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I am without doubt still, and unashamedly, a Street Fighter 2 fan, fifteen years after I discovered it. I remember walking towards the arcades, with the three pounds I'd saved from my school lunch money, by starving myself all week, because I was so unbelievably adamant that I was going to learn the dragon punch...at twenty pence a go, it gave me a fair few stabs at it. Ok, I was a geek!
Since the release of the original Street Fighter 2 game, there has been a wide variety of variations on the same theme, such as: Street Fighter 2 The World Warriors; Street Fighter 2 Championship Edition; Street Fighter 2 Turbo; Street Fighter 2 The new Challenges and the list goes on...that's before we've even approached the subject of Street Fighter 3, 4 and Marvel vs Capcom.
The anniversary Edition collaborates versions: World Warrior, Championship Edition, Turbo Hyper Fighting, Super and Super Turbo. You can pick from all sixteen characters, although its strength lies in its ability to link editions together. For instance, you can have Cammy from Super against the World Warrior version of Ryu, this is something that hasn't been approached before. Playing against the computer can sometimes prove itself to be a little tough, even for the hardened Street Fighter gamer and alterations in the game level don't seem to make any difference what so ever. Its saving grace is within versus mode as it's great fun mixing opponents from different versions. You do have the option of changing the game speed (not quite as fast as black belt edition) and its slick, near arcade perfect graphics leaves its predecessors far behind. I feel that although Capcom have obviously spent time linking editions together in versus mode, you are left restricted to Super Turbo Mode against the computer, this can prove a little frustrating.
Even with some obvious flaws, this particular version of Street Fighter 2 remains my favorite. I feel that this is the nearest you will get, on the Playstation 2, to the arcade version. As Fighting games go, Street Fighter will always stand head and shoulders above the competition.
On the twenty ninth of August, 94', from the depths of the Manchester Music scene, Oasis' debut album, 'Definitely Maybe' arrogantly swaggers forward. At a time of political and musical change, Oasis dictates the future, within their bold new shining light and genre...Brit pop. With the Brother's two-fingered approach to life, it's unsurprising that critics have chartered the Shark filled waters of Noel and Liam Gallagher's relationship to be turbulent. This takes nothing from the importance of the Musicology and enticing lyrical complexity, embedded deeply within Definitely Maybe's Wall of sound.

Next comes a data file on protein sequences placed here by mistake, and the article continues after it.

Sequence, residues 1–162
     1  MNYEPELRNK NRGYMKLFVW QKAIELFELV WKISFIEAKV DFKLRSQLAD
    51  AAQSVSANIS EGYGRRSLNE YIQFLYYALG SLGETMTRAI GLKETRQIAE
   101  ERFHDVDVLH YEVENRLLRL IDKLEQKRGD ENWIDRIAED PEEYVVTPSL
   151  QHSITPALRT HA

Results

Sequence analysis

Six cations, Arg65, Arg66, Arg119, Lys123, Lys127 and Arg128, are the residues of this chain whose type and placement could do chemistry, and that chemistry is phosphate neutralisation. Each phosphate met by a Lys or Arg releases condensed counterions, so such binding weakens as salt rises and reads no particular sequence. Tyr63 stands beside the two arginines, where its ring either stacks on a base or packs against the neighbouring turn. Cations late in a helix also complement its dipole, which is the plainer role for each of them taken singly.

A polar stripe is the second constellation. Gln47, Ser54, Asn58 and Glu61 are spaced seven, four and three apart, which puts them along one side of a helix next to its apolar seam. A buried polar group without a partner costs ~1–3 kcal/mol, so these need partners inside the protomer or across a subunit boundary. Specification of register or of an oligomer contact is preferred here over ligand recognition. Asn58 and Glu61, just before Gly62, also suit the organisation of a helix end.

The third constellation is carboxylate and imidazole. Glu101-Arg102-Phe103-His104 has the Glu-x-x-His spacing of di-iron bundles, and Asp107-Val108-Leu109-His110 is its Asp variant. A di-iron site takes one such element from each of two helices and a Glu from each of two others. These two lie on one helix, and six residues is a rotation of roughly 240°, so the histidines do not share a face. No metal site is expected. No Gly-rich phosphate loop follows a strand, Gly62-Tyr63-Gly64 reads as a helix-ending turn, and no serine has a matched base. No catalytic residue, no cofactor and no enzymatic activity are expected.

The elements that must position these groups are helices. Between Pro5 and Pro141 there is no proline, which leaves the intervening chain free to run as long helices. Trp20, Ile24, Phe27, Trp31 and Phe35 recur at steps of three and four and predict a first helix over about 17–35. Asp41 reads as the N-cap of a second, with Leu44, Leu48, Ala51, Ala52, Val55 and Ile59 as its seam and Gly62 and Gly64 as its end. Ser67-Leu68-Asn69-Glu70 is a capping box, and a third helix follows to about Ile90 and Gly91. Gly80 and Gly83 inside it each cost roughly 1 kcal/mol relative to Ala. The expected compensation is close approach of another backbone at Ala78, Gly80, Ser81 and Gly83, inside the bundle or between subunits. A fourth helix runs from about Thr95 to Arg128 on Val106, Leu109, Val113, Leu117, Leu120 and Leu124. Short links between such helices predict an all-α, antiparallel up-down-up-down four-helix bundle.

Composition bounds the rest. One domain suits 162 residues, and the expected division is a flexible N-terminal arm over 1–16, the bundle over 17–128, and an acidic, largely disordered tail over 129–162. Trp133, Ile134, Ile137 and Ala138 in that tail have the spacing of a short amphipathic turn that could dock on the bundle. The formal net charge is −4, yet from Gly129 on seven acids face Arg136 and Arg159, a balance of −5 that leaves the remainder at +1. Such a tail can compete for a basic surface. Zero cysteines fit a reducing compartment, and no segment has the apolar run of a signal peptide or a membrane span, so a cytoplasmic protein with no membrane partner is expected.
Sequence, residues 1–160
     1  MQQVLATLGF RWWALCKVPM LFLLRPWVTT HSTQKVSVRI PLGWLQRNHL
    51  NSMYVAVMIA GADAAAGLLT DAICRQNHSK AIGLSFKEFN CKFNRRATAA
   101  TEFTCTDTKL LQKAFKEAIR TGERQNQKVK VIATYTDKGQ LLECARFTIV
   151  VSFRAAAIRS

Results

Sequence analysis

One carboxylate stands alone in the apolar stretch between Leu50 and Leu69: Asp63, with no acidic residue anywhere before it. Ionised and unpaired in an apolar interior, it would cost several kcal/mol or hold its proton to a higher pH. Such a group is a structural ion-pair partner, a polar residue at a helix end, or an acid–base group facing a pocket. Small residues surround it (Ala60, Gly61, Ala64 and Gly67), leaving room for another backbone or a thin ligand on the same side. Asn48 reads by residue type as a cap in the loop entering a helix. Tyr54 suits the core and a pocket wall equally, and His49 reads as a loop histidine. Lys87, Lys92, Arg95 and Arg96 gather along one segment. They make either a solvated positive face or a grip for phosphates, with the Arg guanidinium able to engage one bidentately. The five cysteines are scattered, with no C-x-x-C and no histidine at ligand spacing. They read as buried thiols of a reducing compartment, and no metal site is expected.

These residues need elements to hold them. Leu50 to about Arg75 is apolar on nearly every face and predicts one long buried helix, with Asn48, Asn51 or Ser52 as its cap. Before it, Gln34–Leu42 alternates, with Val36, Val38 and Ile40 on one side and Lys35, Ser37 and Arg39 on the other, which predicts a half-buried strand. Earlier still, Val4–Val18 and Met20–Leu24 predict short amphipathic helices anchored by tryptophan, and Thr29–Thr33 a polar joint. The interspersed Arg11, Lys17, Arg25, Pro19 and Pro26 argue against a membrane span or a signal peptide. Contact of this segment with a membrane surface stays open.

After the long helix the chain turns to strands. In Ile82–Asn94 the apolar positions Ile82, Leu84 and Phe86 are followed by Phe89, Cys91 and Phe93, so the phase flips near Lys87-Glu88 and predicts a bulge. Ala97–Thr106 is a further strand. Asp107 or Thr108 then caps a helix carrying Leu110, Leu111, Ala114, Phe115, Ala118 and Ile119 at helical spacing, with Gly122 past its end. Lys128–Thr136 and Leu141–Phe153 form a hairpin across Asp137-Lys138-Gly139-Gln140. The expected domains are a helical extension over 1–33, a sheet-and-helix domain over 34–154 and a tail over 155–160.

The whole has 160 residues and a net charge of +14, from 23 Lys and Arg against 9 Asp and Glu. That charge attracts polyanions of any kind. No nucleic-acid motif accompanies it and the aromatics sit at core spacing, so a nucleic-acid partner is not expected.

First out on center stage, with its arms folded behind it's back and chin jutting to the sky, is 'Rock and Roll star'. Powerful and uncompromising in its approach, this energetic and confident start to the album sets the scene for others to follow. 'Supersonic', 'Columbia' and 'Bring it On Down' show a similar trend, beautiful distorted guitars and upbeat drums that make you feel like you're part of a scene. The anthem 'live forever', ironic with hindsight, is the most memorable track of the album, and some would say their careers. Noel Gallagher is famously quoted as saying that it only took him four minutes to complete the track. 'Cigarette's and Alcohol', with it's crunching opening guitar riff, brings an honest viewpoint of 90's Britain. The album then concludes with 'Married With Children', simplistic within its compositional attributes although poignant to everyone.
The album is a reflection on Working Class life within the early 1990's. I can still remember seeing them live in Bournemouth, a cigarette hanging out of my mouth, and a beer in hand...it was incredible. But part of what pulled so many people towards Oasis, would eventually be their down fall. Definitely Maybe is not just an important album because of its music, but it also signified a change in political power and public thinking...not unlike that of the Beatles in the 60's